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Zamia furfuracea L. f. ex Aiton

Cardboard palm

KingdomPlantaePlants, but not fungi, lichens, or algae
SubkingdomTracheobiontaVascular plants—plants with a “circulatory system” for delivering water and nutrients
DivisionCycadophytaAll cycads—primitive palm-like plants
OrderCycadalesLiving cycads (most are extinct)
FamilyZamiaceaeCycas that are superficially palm- or fernlike
GenusZamiaCycads with palmlike circular stems; from the Greek azaniae, “pine nut”
SpeciesfurfuraceaFrom Latin furfuracea, “mealy” or “scurfy”

About plant names...

Cardboard palm is a native of Mexico. It is a member of the cycad family, and a popular cultivated plant.

Identification: Cardboard palm has leaves 20-59" (50-150 cm) emerging from a central point in the ground, forming a rosette. It can reach 3' (91 cm) in height. The leaves are tough, thick, and fuzzy, composed of 6 to 12 pairs of leaflets up to 3-8" (8-20 cm) × 1-1¾" (3-5 cm). The leaves feel a bit like cardboard when rubbed, hence the common name.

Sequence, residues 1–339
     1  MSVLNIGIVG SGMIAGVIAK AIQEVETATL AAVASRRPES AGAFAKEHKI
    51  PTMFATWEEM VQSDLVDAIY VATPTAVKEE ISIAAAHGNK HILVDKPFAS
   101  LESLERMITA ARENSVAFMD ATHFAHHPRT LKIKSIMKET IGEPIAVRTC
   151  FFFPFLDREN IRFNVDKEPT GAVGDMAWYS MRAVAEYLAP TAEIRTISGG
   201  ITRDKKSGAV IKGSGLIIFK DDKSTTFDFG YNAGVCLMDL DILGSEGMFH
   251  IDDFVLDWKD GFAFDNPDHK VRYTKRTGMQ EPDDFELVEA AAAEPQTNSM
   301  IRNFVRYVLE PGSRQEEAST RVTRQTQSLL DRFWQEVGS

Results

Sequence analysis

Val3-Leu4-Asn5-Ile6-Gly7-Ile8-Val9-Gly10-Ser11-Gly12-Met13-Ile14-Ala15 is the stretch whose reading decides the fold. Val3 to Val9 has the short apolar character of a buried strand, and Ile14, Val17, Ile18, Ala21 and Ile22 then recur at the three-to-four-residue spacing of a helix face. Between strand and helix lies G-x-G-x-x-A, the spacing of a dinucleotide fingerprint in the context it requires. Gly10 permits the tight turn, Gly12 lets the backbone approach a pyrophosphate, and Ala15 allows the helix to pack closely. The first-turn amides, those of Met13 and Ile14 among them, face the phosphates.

Online References:

Zamia furfuracea f. ex on floridata.com

Zamia furfuracea f. ex on Wikipedia

Zamia furfuracea f. ex on Cal Lamke's Cal's Plant of the Week, at the University of Oklahoma's Department of Botany and Microbiology

Zamia furfuracea f. ex on ARKive: Images of Life on Earth

Zamia furfuracea


Zamia furfuracea f. ex description by Thomas H. Kent, last updated 25 May 2020.

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Zamia furfuracea (cardboard palm)

2/24/2010 · San Diego (Quail) Botanic Garden, Encinitas, Cali­fornia
≈ 4 × 2½' (1.2 × 0.8 m)

Range: Zones 9-11:

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